Disposable Income can be hand-to-mouth for households with illiquid wealth

Surprising Hand-To-Mouth Households

by Elaine Schwartz    •    May 4, 2014    •    417 Views    •    TIME TO READ: 1 minute

Close to one third of all households (38 million) in the US live hand-to-mouth.

Like me, perhaps you have always assumed that a hand-to-mouth (HtM) household is low income. Spending all disposable income each week, the hand-to-mouth household is unable to save. Making its plight even worse, an emergency can send it into a tailspin because there are no reserves. For an HtM household, accessing $2,000 within 30 days is tough or even impossible.

A recent paper from 3 economists, 2 from Princeton and one from NYU, disagreed. In The Wealthy Hand-to-Mouth, these scholars estimate that two-thirds of all HtM households are actually somewhat affluent. However, since their wealth is tied up in a house, life insurance, a retirement fund, maybe even a boat, it is illiquid. Converting that asset to cash would have too great an opportunity cost. As a result, as with the poor HtM (P-HtM), their disposable income can be problematic.

With age as the x-axis, here are some characteristics of the HtM household (W-HtM is blue, P-HtM, red and Non-HtM is green):

W-Htm is blue, P-HtM, red and Non HtM is .

 

Here is the international comparison:

You can see that the W-HtM average close to one-third of the HtM household population.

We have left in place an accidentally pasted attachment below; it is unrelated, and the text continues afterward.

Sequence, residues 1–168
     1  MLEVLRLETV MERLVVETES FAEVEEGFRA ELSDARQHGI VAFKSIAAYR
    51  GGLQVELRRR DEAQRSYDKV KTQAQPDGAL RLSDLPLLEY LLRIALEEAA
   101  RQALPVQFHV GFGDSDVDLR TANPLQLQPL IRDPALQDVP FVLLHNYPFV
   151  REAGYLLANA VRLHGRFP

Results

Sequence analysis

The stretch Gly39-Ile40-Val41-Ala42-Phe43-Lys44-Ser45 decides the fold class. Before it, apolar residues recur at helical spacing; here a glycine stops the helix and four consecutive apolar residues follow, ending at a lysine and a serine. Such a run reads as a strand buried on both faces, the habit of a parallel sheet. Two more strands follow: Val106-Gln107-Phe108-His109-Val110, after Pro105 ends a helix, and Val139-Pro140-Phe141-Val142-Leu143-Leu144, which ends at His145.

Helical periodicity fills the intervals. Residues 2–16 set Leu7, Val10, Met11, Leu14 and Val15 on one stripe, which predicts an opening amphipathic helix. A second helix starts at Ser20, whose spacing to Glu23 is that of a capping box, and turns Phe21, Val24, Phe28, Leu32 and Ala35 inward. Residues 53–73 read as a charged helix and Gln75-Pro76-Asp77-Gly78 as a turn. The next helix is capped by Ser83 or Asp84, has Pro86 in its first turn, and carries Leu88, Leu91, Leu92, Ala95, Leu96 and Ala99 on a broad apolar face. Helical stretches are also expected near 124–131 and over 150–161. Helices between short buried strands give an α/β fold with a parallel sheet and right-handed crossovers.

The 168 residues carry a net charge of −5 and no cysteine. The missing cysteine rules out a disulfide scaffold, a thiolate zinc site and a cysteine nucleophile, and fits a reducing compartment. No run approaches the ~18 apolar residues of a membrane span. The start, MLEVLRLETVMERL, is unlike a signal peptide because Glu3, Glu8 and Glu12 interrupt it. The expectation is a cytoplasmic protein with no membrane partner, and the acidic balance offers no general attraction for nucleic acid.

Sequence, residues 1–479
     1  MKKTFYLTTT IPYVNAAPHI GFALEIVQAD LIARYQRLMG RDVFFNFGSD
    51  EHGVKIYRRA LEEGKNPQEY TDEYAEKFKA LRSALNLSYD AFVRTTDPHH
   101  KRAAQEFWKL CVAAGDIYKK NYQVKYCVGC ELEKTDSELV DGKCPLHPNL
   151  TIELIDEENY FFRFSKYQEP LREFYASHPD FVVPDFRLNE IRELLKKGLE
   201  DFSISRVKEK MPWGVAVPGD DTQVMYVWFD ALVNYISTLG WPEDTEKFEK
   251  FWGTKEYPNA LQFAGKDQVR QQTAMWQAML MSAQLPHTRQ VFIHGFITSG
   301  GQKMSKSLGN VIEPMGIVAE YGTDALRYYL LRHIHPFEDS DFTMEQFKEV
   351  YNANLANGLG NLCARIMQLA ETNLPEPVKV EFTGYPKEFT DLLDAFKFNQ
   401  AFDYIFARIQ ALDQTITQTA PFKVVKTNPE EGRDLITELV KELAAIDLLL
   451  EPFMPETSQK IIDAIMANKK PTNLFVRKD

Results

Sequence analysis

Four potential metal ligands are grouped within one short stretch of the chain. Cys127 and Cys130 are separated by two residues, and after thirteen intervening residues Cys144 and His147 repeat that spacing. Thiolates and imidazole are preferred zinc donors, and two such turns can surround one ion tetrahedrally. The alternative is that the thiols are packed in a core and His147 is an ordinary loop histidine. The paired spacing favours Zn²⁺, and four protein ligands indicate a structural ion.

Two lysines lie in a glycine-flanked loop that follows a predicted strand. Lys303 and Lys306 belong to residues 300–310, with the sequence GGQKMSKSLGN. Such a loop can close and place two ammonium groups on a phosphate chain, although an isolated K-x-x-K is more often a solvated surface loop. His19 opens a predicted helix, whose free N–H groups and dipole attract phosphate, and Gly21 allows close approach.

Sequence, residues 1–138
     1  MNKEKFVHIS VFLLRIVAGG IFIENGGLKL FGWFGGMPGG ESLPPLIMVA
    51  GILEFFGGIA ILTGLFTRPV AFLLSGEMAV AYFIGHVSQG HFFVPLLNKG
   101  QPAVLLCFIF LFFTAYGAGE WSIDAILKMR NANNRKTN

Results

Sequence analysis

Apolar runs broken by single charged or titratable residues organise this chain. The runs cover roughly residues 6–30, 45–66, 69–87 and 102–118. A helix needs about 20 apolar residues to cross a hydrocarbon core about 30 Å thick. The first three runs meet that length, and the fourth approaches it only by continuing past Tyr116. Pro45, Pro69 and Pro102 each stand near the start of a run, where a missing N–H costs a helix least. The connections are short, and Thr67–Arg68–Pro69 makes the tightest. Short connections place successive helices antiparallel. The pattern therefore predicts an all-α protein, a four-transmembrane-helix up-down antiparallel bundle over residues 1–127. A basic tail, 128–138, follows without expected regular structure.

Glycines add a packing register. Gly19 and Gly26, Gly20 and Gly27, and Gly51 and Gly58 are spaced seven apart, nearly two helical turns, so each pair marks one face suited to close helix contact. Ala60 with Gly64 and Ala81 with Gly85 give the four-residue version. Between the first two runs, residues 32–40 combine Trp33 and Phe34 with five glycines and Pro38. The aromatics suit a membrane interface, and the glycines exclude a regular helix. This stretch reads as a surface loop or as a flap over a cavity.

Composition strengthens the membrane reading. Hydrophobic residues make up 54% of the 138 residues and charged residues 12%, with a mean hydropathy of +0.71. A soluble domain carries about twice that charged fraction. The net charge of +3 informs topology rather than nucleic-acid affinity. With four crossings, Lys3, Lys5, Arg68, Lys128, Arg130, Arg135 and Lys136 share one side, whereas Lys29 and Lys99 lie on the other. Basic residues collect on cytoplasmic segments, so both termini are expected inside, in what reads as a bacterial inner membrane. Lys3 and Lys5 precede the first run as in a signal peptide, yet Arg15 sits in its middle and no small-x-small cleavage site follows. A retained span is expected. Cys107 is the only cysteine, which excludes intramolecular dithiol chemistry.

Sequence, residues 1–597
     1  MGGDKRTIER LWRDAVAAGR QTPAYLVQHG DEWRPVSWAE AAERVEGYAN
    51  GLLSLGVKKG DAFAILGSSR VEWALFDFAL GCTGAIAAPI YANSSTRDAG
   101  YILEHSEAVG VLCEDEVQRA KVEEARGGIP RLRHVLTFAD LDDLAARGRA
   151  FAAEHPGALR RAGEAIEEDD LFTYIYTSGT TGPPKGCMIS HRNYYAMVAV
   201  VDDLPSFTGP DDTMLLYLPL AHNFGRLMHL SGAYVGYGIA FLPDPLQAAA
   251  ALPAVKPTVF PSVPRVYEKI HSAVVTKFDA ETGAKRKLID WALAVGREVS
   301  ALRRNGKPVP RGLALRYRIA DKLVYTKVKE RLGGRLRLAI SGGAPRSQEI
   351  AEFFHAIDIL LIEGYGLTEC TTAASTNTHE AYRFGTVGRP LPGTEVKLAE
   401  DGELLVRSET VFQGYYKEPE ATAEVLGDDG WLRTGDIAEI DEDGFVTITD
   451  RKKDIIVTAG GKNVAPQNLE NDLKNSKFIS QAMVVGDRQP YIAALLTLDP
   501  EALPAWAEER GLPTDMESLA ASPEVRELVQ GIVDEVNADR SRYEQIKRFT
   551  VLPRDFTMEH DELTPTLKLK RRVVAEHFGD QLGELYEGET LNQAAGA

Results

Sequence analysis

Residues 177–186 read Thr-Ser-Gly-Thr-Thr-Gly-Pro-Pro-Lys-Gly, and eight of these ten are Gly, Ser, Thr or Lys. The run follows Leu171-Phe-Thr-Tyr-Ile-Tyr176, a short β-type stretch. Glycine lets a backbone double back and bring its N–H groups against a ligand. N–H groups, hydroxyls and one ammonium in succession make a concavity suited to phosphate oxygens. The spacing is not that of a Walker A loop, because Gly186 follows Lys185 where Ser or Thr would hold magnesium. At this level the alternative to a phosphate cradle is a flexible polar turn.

The US, Canada and the UK have pretty similar HtM populations while Australia, compared to the others, is the outlier because of its mandatory employer contributions to retirement accounts.

 

While HtM households can be investigated in countless ways, the authors of the current study had fiscal policy in mind. Reflecting a Keynesian outlook, they suggested targeting W-HtM households with a fiscal stimulus like a reduced payroll tax because they have a larger marginal propensity to consume (MPC) a proportion of any extra income. On the other hand, if you have a classical outlook, you will entirely disagree with the efficacy of the fiscal stimulus.

Here, so very excellently, in a little more than just 2 minutes, economist Justin Wolfers explains the possible fiscal connection between a stimulus and the W-HtM household.

Our bottom line? Rather like Benoit Mandelbrot’s fractal geometry, the closer you look at wealth and income, the more you see.

Sources and Resources: All facts and charts are from Brookings and The Wealthy Hand-To-Mouth.

 

 

 

 

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